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Effects of public procurement of R&D on the innovation process: Evidence from the UK Small Business Research Initiative

Research output: Contribution to journalJournal article

E-pub ahead of print
<mark>Journal publication date</mark>16/07/2020
<mark>Journal</mark>Journal of Public Procurement
Publication statusE-pub ahead of print
Early online date16/07/20
Original languageEnglish

Abstract

PurposeThe study aims to investigate how pre-commercial procurement (PCP) influences the activities, capabilities and behaviours of actors participating in the innovation process. Unlike much of PCP research underpinned by a market failure theoretical framework that evaluates the additionality of innovation inputs and outputs, this paper focusses on the role and capacity of PCP in addressing systemic failures impeding the process of innovation.
Design/methodology/approachPCP effects on the innovation process were studied through a qualitative study of the UK small business research initiative (SBRI) programme. Data collection comprised 33 semi-structured interviews with key informants within 30 organisations and analysis of 80-plus secondary data sources. Interviewees included executives of technology-based small businesses, managers within public buying organisations and innovation policymakers and experts.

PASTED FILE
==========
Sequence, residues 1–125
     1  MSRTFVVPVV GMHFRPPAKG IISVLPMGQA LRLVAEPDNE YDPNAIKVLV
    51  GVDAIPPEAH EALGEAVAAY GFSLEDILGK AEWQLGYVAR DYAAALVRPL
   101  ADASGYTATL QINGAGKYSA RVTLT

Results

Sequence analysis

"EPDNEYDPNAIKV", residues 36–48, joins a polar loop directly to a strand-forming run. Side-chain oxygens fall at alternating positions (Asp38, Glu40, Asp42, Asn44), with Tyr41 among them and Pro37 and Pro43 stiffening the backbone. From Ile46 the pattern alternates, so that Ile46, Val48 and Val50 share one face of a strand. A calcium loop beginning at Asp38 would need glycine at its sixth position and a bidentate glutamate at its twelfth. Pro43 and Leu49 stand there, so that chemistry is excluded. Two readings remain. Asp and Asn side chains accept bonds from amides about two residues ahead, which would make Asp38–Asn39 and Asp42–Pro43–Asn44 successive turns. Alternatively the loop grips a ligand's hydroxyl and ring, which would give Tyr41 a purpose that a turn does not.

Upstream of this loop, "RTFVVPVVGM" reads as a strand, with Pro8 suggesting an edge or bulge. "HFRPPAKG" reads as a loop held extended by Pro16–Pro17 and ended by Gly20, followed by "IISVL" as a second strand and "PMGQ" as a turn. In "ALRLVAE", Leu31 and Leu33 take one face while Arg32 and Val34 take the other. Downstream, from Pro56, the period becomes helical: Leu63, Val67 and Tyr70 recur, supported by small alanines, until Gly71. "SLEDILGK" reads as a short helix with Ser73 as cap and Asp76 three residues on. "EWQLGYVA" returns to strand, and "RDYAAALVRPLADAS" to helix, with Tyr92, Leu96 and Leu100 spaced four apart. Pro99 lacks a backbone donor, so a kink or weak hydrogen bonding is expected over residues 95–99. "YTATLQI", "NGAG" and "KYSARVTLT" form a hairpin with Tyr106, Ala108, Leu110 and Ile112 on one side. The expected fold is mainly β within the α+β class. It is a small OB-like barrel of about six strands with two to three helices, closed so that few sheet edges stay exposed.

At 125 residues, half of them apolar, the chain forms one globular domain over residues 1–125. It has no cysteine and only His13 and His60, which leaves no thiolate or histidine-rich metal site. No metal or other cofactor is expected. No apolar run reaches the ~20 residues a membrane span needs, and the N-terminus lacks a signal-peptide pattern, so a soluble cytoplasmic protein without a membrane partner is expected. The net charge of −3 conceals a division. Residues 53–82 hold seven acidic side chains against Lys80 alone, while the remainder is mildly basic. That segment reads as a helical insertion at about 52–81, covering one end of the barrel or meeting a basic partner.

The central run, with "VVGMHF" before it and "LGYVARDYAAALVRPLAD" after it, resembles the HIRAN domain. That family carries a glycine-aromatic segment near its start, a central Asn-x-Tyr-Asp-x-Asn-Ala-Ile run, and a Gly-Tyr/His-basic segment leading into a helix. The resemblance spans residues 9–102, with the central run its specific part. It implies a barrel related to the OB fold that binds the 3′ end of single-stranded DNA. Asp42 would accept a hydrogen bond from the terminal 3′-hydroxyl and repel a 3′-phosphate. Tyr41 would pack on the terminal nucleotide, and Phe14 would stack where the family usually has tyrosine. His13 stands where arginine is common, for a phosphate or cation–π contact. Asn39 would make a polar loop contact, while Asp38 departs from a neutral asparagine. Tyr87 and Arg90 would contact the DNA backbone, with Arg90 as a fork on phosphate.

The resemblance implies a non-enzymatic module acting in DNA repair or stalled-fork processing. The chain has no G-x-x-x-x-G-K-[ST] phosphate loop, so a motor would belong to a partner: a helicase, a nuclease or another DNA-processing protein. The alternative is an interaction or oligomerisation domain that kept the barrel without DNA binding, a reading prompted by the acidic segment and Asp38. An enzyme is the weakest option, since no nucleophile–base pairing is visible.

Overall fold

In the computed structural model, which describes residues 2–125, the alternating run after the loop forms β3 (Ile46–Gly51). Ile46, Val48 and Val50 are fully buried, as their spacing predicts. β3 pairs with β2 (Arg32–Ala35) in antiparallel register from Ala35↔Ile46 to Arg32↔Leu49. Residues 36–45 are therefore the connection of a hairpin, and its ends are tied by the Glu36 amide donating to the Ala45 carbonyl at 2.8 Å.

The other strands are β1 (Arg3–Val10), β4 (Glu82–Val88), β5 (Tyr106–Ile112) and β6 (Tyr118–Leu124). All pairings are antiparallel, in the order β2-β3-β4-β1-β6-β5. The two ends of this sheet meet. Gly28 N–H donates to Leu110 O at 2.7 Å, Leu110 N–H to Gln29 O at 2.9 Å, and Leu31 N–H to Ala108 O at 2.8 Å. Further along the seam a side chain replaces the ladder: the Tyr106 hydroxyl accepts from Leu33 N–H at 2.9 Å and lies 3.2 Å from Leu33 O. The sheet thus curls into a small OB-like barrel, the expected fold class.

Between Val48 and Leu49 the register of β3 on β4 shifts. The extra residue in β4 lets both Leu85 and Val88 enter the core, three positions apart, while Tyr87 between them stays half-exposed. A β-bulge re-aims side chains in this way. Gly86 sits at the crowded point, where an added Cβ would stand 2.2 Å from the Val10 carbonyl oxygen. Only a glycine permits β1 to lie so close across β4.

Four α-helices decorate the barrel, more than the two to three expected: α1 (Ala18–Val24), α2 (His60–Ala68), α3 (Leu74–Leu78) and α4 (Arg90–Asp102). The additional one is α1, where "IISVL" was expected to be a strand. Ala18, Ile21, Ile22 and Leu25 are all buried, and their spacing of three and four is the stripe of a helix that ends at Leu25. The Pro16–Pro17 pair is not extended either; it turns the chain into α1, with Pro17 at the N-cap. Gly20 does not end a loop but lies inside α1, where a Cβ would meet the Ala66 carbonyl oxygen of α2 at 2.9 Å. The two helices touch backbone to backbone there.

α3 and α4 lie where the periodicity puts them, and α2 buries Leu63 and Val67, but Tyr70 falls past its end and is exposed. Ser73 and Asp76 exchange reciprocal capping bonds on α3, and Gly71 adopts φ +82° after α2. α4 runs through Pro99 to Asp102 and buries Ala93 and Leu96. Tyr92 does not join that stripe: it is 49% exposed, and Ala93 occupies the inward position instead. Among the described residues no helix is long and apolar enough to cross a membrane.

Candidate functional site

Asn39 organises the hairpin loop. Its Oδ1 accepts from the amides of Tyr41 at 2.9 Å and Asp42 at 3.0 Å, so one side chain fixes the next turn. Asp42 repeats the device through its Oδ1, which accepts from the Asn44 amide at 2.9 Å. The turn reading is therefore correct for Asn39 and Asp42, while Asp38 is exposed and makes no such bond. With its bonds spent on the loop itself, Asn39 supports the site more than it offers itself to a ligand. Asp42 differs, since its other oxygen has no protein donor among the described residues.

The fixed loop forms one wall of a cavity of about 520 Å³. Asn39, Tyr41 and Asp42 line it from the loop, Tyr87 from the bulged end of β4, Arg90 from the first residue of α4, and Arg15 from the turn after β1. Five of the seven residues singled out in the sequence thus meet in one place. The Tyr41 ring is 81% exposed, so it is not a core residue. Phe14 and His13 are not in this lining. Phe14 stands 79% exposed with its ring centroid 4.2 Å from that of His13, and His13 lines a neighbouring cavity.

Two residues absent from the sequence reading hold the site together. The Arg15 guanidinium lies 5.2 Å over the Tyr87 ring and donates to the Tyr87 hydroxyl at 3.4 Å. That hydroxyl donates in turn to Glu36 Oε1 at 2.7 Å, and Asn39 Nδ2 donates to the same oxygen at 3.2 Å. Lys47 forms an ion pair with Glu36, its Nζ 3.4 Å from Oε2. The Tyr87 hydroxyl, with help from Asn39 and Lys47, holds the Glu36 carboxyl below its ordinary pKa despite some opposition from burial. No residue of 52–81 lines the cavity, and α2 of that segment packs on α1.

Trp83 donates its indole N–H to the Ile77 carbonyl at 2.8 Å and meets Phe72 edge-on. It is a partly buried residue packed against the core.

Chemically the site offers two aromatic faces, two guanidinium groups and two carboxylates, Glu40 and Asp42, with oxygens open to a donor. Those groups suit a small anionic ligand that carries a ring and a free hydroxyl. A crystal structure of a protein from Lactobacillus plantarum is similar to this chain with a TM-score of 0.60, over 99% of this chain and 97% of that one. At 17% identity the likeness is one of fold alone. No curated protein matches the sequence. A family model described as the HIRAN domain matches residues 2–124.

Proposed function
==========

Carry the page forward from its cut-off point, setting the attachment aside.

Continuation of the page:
FindingsThe UK SBRI improves connectivity and instigates research and development (R&D) related interactions and cooperation. Through securing government R&D contracts, small firms access relevant innovation ecosystems, build up their knowledge and capabilities and explore possible routes to market. Public organisations use the SBRI to connect to innovative small firms and access their sets of expertise and novel ideas. They also learn to appreciate the strategic role of procurement. Nonetheless, SBRI-funded small business face commercialisation and innovation adoption challenges because of institutional constraints pertaining to rules, regulations and public-sector norms of conduct.
Research limitations/implicationsThe study contributes to existing PCP research by demonstrating innovation process-related effects of PCP policies. It also complements literature on small business-friendly public procurement measures by highlighting the ways through which PCP, rather than commercial procurement procedures, can support the development of small businesses other than just facilitating their access to government (R&D) contracts.Social implicationsThe study identifies several challenge areas that policymakers should address to improve the implementation of the UK SBRI programme.
Originality/valueThe study demonstrates the effects of PCP on the activities, capabilities and behaviours of small businesses and public buying organisations involved in the innovation process.

Bibliographic note

This article is (c) Emerald Group Publishing and permission has been granted for this version to appear here. Emerald does not grant permission for this article to be further copied/distributed or hosted elsewhere without the express permission from Emerald Group Publishing Limited.